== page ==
The Psychological Landscape by Rita Bernstein
Now that we are all so entrenched in the digital age, we are losing touch with one of the most magical parts of photography — the physical characteristics of a print. This is precisely why I think it's so important that we photographers do our part to preserve the appreciation of physical prints. I see nothing inconsistent in embracing digital imaging and digital image delivery while still holding dear the physical qualities of physical prints. This work by Rita Bernstein is a case in point.
I first saw this work at a photo review event and was powerfully moved by both the imagery and the physicality of her printmaking. The rough edges of the paper, crinkled surface, curled edges, and generalized distress added a powerful emotional content to the delicate tones in the images. When we discussed publishing her work, I expressed my concern in losing those qualities when her images were translated onto the digitally pristine screen in LensWork Extended. To simply reproduce her original digital files would've missed such an important part of her work. Even scanning the original prints created reproduction images that were too flawless. The solution we found was to photograph her original prints, complete with their distress marks and even the sheen of reflection off the baryta surface. This also had the advantage of preserving not just a tactile feel but also her original tonalities and split toning.
There is, however, a subtle trap that is an incredible temptation these days. I see lots of work that uses extraordinary hand processes and various kinds of physical distress in order to make prints that scream, "I am not digital!" The problem with so many of these is that the technique used to make the physical print has nothing to do with the content, either emotionally or intellectually. As has always been the case in photography, technical grandstanding never improves the artwork in spite of the fact that the photographer may beam with pride at their technical accomplishment. No one has ever said it better than the great technical master himself, Ansel Adams, when he quipped, "There's nothing worse than a sharp image of a fuzzy concept."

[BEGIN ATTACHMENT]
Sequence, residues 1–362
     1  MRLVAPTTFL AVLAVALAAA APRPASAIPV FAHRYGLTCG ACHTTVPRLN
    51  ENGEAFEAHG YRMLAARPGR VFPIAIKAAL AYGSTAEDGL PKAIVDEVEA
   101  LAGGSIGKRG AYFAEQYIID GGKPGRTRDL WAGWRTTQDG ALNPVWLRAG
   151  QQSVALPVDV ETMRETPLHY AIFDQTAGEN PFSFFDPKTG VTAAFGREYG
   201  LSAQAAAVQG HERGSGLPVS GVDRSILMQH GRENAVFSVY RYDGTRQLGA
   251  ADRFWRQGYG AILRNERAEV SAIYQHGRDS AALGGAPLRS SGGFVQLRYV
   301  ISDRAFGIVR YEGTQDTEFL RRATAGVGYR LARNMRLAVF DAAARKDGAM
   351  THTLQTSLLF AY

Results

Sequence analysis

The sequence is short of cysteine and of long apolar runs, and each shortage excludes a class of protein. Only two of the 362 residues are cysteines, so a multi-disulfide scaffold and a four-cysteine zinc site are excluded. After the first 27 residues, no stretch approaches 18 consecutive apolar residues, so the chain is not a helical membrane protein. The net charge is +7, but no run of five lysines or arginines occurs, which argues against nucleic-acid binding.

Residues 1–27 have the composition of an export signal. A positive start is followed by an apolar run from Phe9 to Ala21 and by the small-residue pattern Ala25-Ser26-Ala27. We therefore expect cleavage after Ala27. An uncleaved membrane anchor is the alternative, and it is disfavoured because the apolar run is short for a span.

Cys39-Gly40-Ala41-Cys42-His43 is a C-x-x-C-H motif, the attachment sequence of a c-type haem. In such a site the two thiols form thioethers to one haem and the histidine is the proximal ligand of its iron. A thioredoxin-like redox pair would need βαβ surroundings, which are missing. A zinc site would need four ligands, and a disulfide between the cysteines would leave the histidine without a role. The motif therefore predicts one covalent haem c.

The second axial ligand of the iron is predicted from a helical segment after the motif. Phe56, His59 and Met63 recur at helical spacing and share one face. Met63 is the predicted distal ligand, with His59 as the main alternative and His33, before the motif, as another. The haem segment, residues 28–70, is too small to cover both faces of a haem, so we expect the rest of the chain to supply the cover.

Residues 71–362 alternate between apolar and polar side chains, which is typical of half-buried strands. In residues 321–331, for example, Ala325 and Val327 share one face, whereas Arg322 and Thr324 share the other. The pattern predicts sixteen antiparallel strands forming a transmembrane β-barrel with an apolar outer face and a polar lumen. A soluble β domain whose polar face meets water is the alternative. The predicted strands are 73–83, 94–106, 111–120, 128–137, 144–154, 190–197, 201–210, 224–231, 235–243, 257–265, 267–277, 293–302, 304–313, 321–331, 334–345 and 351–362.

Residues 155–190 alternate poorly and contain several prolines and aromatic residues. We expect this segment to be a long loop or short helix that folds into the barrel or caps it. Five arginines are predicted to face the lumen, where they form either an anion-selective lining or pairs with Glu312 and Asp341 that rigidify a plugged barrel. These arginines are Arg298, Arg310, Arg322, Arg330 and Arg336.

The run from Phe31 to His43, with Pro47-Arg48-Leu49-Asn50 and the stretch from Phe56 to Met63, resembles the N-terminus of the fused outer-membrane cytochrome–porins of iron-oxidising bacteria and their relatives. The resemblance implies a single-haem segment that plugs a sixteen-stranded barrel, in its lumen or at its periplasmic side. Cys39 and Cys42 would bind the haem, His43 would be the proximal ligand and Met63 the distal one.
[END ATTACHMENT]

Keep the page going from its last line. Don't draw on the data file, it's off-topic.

The pendulum has swung in the opposite direction in this new century where photographers go out of their way to reduce the quality of their prints through various physical or digital techniques, but if doing so doesn't enhance the message in the artwork, it doesn't improve the artwork. Technique and content must harmonize to create something really special.
Bernstein's portfolio — aptly titled The Psychological Landscape — offers us a look at fragility and the delicate state of mind so easily trampled upon, as are her physical prints. It's a perfect match between technique and content — and a testament to Bernstein's artistic sensitivity.
The portfolio can be seen in its entirety in our back issues — print (while still available) and our PDFs for computer, iPad, Android, and other devices. Plus, bonus audio commentary about this image is available to members of LensWork Online.
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